Tearsheet’s Green Finance newsletter is about the intersection of money and the environment. We’ll be in your inbox every other week, and share what we’re currently thinking about, and what’s been happening at three key areas in the intersection: corporate responsibility, blockchain, and green products and services.
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COP26 is now over, and it concluded with a few agreements and a lot of hopes for the following COP next year. The summit’s outcome included commitments to halt deforestation, “phase down” coal power plants, and $130 trillion in private capital funding. Meanwhile, banks pledged to focus more on sustainable investments, but some remain skeptical on the progress actually achieved.
What happened at COP26? Follow the money.
The COP26 summit’s main outcome document was The Glasgow Climate Pact, which calls on 197 countries to accelerate climate-friendly actions and report their progress on the green agenda at COP27, which is set to take place in Egypt in November 2022.
One of the key focuses at the summit was the financial sector.
Mark Carney, the UN Special Envoy for Climate Action and Finance at COP26, assembled the Glasgow Financial Alliance for Net Zero, whichagreed to devote $130 trillion in private capital funding to hit net zero emission targets by 2050 and report yearly on their lending practices.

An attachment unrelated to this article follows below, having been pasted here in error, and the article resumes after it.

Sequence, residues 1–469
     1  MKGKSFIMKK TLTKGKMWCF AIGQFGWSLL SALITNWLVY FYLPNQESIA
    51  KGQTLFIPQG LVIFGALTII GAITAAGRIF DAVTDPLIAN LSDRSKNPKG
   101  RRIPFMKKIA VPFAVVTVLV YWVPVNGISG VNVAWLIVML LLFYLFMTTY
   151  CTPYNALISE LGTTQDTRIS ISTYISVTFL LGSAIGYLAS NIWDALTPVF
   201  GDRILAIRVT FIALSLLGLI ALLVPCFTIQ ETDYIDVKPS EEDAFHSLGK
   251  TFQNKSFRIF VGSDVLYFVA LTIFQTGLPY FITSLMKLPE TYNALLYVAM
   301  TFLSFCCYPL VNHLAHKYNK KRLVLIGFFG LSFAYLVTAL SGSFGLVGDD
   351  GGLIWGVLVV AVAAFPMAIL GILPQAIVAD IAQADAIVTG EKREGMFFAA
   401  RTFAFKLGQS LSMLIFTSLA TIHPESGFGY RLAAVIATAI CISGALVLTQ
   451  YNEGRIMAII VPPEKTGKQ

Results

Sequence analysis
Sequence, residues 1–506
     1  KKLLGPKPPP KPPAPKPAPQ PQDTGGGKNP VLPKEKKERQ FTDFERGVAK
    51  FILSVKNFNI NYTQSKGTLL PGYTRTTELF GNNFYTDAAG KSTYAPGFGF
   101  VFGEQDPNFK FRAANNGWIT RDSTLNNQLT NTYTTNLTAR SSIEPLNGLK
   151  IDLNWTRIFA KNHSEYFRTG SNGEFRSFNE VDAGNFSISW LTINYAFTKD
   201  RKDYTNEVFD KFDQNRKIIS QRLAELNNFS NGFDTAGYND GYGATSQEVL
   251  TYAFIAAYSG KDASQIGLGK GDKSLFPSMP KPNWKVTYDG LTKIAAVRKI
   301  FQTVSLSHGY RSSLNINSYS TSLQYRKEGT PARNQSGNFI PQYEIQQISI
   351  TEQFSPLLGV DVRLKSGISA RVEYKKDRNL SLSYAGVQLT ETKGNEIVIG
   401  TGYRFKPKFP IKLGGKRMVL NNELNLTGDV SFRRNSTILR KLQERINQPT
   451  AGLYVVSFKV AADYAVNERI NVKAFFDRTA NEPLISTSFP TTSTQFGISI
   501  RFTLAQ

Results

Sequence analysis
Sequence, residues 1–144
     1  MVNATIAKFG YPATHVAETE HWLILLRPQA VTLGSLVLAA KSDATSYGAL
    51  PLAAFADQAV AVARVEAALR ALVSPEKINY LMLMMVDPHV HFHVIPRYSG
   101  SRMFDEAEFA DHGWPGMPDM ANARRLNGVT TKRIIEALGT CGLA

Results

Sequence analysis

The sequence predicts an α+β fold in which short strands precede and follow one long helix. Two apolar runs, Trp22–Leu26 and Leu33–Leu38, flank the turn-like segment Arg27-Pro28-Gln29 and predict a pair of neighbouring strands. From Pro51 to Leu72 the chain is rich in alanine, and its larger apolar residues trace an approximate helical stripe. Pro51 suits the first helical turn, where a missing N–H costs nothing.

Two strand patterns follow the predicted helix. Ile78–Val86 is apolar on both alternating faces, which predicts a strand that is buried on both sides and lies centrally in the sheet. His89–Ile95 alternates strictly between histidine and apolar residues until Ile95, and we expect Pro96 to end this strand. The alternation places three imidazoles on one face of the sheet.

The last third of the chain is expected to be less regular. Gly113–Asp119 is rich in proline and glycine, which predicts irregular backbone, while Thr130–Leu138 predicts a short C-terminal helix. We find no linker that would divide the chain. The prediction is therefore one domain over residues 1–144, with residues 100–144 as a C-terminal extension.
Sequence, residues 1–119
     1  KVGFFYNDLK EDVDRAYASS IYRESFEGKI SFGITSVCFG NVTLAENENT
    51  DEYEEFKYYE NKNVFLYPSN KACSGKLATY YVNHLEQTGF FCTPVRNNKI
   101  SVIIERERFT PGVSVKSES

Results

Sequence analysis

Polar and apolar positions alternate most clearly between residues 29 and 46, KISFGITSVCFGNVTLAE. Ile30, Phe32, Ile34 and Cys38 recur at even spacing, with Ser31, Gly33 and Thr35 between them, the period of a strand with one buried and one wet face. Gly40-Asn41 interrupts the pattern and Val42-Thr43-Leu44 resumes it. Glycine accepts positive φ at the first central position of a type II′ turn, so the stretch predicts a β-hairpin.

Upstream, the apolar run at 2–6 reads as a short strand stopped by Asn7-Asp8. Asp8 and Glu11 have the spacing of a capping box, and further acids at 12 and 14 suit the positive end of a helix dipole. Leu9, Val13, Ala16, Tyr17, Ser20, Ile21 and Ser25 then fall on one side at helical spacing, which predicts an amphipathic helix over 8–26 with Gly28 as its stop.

- Its members represent over 450 financial institutions from 45 countries.
- From the US, banks that participated included Bank of America, Citi, JPMorgan Chase, Morgan Stanley, Goldman Sachs and Wells Fargo.
- Activists argued that the pledges were insufficient and demanded more immediate climate action, especially given the large financial support the banking industry has offered to fossil-fuel industries.
JPMorgan Chase was the world’s top banker of fossil fuels, lending $317 billion between 2016 – 2020. The next three top fossil fuel financiers were also US banks, namely Citi, Wells Fargo and Bank of America, according to a report.
Even if COP26 didn’t provide the solutions that green finance enthusiasts hoped for, it did push forward the climate agenda in the financial space. The need for more transparent banking and enhanced disclosures is now being addressed, even if through new alliances or promises.
What we’re reading
European financial platform Tink forges green finance partnership with Sustainability as a Service provider ecolytic (Finextra)
The uses and abuses of green finance (The Economist)
John Kerry: Companies that quickly embrace green tech will clean up (Financial Times)
Green finance does little to prevent global warming, report says (Bloomberg Law)
Top five environmentally sustainable cryptocurrencies to invest in for 2022 (CoinTelegraph)
Discord drops Ethereum and NFT integration plans after backlash from users citing environmental costs (CoinTelegraph)
How crypto-owning climate activists balance saving the planet with supporting energy-hungry Bitcoin mines (Fortune)
Cambridge University to build carbon credit marketplace on blockchain (CoinDesk)
Green products and services
Visa Eco Benefits allows consumers to see environmental impact of purchases (PYMNTS)
Saving the planet: how green bonds can help younger people invest in the future (The Guardian)